Its a great book for preteens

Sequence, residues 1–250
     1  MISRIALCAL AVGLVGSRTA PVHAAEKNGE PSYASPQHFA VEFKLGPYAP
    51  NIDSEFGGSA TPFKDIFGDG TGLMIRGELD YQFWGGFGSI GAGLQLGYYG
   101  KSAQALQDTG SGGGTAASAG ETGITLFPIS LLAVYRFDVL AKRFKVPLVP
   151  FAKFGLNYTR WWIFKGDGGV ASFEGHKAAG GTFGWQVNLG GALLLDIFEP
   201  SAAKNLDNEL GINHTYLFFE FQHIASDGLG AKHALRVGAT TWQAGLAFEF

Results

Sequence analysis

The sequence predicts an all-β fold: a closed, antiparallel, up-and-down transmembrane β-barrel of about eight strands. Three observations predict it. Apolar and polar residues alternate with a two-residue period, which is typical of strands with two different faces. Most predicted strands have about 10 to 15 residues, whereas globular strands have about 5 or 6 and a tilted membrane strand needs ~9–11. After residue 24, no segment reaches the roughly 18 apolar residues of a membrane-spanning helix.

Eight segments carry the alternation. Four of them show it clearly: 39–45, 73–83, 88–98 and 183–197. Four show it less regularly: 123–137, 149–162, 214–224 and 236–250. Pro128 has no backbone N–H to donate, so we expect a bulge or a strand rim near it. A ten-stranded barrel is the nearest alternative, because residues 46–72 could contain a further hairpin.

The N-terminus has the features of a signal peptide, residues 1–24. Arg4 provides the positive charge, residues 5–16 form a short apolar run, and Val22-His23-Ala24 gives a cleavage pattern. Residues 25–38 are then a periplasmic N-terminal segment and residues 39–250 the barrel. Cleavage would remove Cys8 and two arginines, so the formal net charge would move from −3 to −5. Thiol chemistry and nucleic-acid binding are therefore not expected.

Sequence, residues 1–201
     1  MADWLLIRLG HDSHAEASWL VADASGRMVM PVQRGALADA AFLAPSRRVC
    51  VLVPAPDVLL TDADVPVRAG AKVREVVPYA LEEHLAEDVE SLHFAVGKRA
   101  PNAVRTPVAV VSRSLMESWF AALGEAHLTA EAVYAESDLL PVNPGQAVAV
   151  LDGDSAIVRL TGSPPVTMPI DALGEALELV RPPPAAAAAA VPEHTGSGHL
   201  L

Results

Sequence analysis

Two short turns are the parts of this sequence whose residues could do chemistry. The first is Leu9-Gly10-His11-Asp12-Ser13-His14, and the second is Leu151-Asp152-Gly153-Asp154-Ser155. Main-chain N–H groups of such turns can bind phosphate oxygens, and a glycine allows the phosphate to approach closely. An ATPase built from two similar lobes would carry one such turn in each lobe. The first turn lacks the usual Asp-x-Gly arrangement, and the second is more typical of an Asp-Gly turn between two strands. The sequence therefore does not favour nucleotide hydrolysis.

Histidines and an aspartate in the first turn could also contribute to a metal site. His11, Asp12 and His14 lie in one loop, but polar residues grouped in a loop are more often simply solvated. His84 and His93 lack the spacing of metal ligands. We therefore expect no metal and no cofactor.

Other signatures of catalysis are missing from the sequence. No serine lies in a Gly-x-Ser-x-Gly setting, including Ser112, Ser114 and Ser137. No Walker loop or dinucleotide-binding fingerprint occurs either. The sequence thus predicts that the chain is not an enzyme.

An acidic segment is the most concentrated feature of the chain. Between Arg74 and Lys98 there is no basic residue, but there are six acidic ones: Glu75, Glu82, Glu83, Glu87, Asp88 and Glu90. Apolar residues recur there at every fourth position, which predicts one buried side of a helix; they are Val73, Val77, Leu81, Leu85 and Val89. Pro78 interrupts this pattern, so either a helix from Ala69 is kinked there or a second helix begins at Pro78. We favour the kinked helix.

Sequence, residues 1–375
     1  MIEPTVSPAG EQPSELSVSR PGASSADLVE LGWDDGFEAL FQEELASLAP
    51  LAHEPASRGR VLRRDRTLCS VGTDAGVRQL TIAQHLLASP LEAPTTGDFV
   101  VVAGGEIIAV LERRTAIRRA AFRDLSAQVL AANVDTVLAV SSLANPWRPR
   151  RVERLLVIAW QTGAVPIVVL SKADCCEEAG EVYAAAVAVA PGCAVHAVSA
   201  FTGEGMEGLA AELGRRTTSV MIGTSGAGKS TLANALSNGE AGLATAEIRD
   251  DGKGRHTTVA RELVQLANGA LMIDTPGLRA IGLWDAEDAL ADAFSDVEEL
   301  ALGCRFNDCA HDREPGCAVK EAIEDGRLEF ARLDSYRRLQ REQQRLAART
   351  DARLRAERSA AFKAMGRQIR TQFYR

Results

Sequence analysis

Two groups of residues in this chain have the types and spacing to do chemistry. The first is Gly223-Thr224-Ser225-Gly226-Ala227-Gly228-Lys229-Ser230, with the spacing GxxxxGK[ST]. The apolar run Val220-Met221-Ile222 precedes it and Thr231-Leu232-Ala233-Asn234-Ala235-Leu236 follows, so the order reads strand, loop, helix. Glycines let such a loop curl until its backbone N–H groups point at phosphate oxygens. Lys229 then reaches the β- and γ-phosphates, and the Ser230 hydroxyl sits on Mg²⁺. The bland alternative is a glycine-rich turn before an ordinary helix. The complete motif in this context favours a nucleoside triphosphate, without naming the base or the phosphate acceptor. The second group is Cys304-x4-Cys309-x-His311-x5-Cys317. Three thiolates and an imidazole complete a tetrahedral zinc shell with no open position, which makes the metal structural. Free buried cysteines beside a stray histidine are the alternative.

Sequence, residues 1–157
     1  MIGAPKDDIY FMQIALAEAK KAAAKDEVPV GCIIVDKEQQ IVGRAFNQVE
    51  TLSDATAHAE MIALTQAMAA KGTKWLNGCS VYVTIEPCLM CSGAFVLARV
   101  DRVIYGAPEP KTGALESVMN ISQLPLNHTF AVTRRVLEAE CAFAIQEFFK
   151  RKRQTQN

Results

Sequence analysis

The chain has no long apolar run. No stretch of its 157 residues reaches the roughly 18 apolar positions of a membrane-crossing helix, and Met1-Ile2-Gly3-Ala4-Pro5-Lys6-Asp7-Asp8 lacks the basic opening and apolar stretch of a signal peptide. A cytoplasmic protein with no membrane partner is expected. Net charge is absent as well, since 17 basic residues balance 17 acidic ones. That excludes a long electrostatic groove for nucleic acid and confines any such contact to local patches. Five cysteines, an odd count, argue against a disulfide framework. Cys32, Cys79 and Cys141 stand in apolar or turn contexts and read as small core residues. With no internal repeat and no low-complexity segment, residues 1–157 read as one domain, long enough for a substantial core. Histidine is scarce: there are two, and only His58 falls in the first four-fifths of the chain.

If Thelma and Louise had met in fifth grade they might have taken lessons in bravado from Mikey and Margalo, the heroines of this tart, subversive and wholly entertaining comedy. Set entirely at school, the world that matters most to the characters here, the action begins on the first day of fifth grade as new girls Mikey and Margalo size up each other and their classmates. About six weeks later, by the novel's end, they realize they are kindred spirits-girls who have a keen interest in shaking things up and can't be bothered to act nice or docile. Mikey, who observes that she misbehaves out of anger while Margalo's badness is "about mischief," is more obviously a bad girl; she punches out the class tough guy and she talks back to the teacher. Margalo, however, is the more talented troublemaker, a subtle hatcher of schemes and planter of rumors. With a few assured strokes, Newbery Medalist Voigt (Dicey's Song; When She Hollers) populates the class with full-bodied characters, and she perfectly calibrates the fifth graders' absorption in popularity and social standing. Insightful and truthful as ever, she doesn't worry about giving her wayward heroines hearts of gold. Instead, she leaves it to her audience to admire their escapades and their cool disregard for public opinion and, when readers are done laughing, to begin questioning the conventions that surround them, too. Ages 8-12.